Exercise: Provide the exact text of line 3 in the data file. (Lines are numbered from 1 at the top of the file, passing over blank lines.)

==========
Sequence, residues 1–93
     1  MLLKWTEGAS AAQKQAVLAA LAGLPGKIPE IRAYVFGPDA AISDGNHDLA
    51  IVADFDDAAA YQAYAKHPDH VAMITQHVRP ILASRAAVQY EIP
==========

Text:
    51  IVADFDDAAA YQAYAKHPDH VAMITQHVRP ILASRAAVQY EIP